Trinity Mirror is collaborating with the Anthony Nolan blood cancer charity in a bid to highlight case studies of donors and people who have survived the illness.
The Anthony Nolan Trust was established in 1974 when Shelia Nolan’s three-year-old son was diagnosed as needing a bone marrow transplant.
At the time there was no register to match non-related people.
As part of the collaboration, human interest stories will run across the Daily Mirror and several of Trinity’s regional titles in a bid to raise funds for the charity.
Trinity Mirror decided to become involved in the project after being inspired by former Huddersfield Examiner journalist Adrian Sudbury who died of leukaemia in 2008.
Sudbury won Digital Journalist of the year at the Regional Press Awards shortly before his death for his Baldy’s Blog.
The Daily Record, Manchester Evening News, Liverpool Echo and Birmingham Mail are among the newspapers planning to take part in the enterprise.
Sudbury campaigned tirelessly in the weeks before his death in a bid to encourage more people to consider becoming bone marrow donors. He encouraged more than 4,300 young people to consider becoming donors.
Neil Benson, Editorial Director, Regionals, said: “Over the past ten years, our regional titles have worked in a co-ordinated way with many leading charity organisations, including the Prince's Trust, Childline and the NSPCC, but this is the first time a partnership of this type has spanned our regional and national titles.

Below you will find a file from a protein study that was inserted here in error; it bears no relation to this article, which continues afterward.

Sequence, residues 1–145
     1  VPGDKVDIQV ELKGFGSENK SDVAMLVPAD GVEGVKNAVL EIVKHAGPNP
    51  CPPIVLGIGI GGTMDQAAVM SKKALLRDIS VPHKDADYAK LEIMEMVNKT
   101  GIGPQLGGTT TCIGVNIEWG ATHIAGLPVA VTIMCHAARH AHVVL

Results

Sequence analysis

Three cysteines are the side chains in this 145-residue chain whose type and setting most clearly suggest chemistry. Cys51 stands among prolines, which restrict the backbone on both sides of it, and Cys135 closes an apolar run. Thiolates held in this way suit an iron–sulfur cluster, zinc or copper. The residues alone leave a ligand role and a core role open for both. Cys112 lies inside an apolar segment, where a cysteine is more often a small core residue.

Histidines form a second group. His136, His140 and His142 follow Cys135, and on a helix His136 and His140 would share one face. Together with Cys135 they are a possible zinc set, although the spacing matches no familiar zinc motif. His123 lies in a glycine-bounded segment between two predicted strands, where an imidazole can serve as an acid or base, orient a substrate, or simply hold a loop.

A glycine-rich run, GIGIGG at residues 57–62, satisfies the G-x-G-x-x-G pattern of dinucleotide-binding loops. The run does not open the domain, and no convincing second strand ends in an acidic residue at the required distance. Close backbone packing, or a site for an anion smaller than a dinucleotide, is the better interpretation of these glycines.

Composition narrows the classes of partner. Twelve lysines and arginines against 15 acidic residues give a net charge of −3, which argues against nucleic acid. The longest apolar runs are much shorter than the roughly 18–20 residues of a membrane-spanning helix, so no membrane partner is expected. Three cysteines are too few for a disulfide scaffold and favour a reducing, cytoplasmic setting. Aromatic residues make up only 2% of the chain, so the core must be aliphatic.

“The human stories are truly inspiring, from the Nolan family themselves to donors, recipients, doctors, nurses and volunteer helpers right across the country. We're looking forward to producing a really compelling campaign that only our unique mix of titles and web sites can offer.”
Richard Davidson, director of communications with Anthony Nolan said Trinity Mirror’s newspapers have been covering stories on the need for more donors for the past 40 years.
“Working with Trinity Mirror today gives us a unique and powerful opportunity to tell our story to a combined audience of millions, enabling us to grow our lifesaving register and carry out world-class research into blood cancer at a crucial time in our history. By choosing to support Anthony Nolan in its 40th year, Trinity Mirror readers and staff are doing something amazing; they are helping save lives.”
According to figures released by the charity, one person is diagnosed with blood cancer every 20 minutes in the UK, with only 37 percent finding a suitable match from within their family.
Only one-in-two patients finds a suitable match although white northern Europeans have a 90 percent chance of a match.
This falls to just 40 percent with people from black, asian and ethnic minority backgrounds.
To show your support, text MIRR99£5 or MIRR99£10 to 70070, or visit www.justgiving.com/Mirror-AnthonyNolan.
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